It’s interesting to me that of the several disability studies scholars I’ve written to about this, only two have answered–one to say he likes Maeterlinck and while the premise is offensive, a nice panel should do just the trick. Another wrote to congratulate me for standing up for blind people. Most have avoided saying anything–I suspect they want to be on the panel. I know how politics works. 


Now Sikorski has taken down the description. Good for them. But the conceit of the production lives on: blind people, aleotoric, driven by cosmological forces beyond our ken, people asleep or in terror. It’s really hard to believe. But then again it’s easy to believe. They don’t teach disability studies at Juilliard.  


I know what’s coming: I’m going to be accused of extremism by disability studies scholars who want to be empaneled. But I talk daily to real blind people and they’re suffering, not because they lack education or technology or ambition but because he public still lives in Maeterlinck-land. 


The blind are less powerful than the organized deaf, less apparent than wheelchair racers, and since blindness is a low incidence disability its easy to talk about us without hearing an informed response. 


Meanwhile I’m going to write an opera in which the blind, like dragonfly larva, crawl over a murky lakebottom singing in indeterminate tones the Mosaic Standard from Ur.

Author: skuusisto

Poet, Essayist, Blogger, Journalist, Memoirist, Disability Rights Advocate, Public Speaker, Professor, Syracuse University

0 thoughts on “Shame on Lincoln Center, Stereotyping the Blind”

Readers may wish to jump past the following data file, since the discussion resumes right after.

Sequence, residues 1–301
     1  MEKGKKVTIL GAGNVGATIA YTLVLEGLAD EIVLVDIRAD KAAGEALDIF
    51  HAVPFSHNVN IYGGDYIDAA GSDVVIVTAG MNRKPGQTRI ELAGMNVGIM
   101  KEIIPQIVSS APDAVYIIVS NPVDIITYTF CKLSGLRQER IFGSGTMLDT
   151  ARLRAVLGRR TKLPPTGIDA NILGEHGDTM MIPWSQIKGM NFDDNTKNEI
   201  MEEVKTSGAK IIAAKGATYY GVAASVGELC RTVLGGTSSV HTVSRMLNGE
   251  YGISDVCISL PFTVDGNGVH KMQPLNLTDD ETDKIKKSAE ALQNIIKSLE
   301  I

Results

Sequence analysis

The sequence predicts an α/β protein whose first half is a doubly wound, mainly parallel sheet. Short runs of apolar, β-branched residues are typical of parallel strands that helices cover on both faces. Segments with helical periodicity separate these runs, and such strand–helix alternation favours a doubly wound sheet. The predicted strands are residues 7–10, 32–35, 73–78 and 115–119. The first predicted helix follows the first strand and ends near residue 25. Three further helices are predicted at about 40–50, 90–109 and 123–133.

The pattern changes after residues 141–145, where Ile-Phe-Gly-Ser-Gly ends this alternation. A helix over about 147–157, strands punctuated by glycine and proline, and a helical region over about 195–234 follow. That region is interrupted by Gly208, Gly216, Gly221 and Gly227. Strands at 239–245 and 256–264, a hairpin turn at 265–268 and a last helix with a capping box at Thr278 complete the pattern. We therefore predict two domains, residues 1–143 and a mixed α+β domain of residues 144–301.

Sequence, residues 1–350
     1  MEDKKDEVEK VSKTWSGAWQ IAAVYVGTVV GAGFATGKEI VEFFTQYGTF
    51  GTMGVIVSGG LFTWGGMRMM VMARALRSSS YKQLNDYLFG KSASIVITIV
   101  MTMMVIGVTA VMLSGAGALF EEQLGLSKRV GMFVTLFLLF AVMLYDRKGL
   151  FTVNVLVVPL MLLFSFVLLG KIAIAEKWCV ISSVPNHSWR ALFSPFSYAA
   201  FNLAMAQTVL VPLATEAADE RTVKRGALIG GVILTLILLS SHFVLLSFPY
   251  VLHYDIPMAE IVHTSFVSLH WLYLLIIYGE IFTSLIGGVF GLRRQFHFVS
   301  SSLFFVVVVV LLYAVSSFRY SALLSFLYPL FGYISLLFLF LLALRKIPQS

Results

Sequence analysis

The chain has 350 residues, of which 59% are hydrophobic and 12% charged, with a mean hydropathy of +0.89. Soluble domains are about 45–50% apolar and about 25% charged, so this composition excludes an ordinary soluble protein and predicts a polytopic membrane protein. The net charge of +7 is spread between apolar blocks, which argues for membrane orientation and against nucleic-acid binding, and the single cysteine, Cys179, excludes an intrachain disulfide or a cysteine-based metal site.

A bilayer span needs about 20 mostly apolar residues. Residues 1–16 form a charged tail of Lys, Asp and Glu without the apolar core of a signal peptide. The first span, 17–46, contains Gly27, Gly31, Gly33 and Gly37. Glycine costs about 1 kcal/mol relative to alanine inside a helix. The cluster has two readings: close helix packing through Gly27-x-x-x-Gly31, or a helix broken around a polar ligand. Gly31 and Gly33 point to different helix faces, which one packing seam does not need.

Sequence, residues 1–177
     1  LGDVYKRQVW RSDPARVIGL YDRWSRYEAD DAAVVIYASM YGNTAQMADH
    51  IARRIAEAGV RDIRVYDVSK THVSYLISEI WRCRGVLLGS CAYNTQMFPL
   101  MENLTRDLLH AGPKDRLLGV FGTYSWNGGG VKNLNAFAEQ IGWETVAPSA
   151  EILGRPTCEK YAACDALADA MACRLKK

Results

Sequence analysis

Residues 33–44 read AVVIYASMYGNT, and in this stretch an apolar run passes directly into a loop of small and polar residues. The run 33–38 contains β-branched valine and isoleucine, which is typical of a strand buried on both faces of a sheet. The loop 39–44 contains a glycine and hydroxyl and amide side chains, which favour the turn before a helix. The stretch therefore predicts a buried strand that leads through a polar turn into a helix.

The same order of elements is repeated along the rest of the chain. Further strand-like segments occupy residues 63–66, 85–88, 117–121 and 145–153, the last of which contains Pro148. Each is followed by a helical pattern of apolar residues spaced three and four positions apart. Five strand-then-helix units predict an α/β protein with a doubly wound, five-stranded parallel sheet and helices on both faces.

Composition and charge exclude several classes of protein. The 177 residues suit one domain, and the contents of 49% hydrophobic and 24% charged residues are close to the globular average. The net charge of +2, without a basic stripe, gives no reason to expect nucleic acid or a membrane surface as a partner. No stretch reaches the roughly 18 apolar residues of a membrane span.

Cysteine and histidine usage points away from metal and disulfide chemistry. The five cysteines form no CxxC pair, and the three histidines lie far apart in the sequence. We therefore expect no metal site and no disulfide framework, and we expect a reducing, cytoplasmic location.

1. What a hoot, this person has obviously never spent ANY time with a blind person in the woods. I would invite the writer to spend an afternoon with my children and then I would lay money that the 8 year old and 13 year old would make a huge difference in how the play gets revised.


  2. Thank you for speaking out on behalf of blind people who so often must stand by and accept that other people are “just curious,” “don’t know better,” or “it’s not about you personally.” I am an ordained minister working as a freelance writer. Some of my work takes me into interactions with the fields of theology and biblical studies. Sadly, I find that the field of disability studies most often esplores how the disability (usually the deformed body) is portrayed. There seems to be a rather wide gulf between disability studies and professional fields addressing practical issues such as unemployment, psychological well-being, etc. It is disheartening. I especially appreciate your comments about the impact of simulated blindness at this event. If there is anything at all positive in such an experience, it is only that some in the audience may find it fascinating rather than frightening.


  3. Is there any funding of this performance funded by the NEA? They have a disability coordinator who is really good; she contacted the museum where I was excluded, and she’s working on educational materials for museums. She may wish to help. My experience is that the NEA is very responsive to disability needs.